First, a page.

COG database was last updated in 2020, which you probably know. Just for the sake of other readers:
As they indicate in the section titled "Expanded genome coverage", it was too computationally intensive to study all available genomes and MAGs - the majority of both bacteria and archaea in GTDB are MAGs. It was too demanding to study even complete genomes, so they settled on a smaller group. Given the number of COGs (4877), I think that group is representative of both kingdoms even though it is based on a relatively small fraction of the total.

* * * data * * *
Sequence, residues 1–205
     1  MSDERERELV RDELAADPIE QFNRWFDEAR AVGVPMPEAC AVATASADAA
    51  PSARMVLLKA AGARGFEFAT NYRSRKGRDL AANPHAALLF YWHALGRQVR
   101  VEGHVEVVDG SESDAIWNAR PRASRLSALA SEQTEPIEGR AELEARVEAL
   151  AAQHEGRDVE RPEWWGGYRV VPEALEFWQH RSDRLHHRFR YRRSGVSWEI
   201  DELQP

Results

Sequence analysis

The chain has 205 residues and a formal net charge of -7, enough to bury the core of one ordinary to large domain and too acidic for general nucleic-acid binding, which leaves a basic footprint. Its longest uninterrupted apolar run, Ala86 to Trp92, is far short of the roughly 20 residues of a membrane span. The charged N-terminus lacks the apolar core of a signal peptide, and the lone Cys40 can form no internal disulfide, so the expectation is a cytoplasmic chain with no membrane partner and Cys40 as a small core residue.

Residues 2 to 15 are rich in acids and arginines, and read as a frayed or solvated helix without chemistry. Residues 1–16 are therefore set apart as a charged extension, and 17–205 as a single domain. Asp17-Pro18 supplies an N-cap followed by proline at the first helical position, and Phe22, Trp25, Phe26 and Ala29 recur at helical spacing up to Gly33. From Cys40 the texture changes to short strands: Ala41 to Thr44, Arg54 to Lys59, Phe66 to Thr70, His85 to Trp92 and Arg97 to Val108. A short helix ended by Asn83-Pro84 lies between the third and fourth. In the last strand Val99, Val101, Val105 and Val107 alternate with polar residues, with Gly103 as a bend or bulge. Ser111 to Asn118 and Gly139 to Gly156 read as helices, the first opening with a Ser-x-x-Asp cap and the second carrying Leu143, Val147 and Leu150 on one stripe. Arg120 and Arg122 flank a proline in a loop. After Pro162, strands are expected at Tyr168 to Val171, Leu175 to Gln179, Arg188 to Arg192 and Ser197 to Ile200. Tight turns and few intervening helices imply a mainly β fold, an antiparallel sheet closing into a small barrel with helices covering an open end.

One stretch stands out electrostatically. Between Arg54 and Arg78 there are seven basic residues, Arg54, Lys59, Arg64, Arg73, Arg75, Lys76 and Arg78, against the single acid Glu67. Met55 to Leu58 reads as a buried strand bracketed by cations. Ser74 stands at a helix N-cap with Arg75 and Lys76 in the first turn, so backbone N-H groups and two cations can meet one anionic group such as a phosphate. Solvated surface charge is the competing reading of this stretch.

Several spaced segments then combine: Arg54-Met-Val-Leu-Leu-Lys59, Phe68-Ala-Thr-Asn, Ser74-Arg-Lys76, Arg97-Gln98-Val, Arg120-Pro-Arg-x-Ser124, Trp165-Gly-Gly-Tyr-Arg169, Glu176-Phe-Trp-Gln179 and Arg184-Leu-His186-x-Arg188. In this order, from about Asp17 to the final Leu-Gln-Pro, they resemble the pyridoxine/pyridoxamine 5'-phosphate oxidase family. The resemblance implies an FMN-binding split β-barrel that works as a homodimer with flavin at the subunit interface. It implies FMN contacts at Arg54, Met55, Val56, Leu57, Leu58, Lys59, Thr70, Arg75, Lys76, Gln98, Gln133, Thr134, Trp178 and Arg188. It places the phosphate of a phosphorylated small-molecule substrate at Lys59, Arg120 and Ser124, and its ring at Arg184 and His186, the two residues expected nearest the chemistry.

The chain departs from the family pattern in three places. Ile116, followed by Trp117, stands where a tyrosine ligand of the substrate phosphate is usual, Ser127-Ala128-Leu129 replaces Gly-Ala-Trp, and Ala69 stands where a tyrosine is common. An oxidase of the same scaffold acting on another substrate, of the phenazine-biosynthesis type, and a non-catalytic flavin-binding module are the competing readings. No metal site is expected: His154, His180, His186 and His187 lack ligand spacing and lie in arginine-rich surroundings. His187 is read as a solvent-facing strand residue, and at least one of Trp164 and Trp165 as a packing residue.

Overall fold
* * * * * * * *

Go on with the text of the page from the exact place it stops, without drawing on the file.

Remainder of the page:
There is some evidence of novel and unusual protein families in more recently discovered bacteria:
Still, it is a safe bet that many of those are just divergent variants of known proteins, as it is unlikely that these groups evolved thousands of protein families different from all other bacteria.
The first reference above has more ideas about doing this kind of analysis if you want to try it on your own, which I don't recommend. I have done it for about 5,000 MAGs, and it is very difficult to set up and takes a great deal of time, memory and general resources. If you are not easily dissuaded, this may help: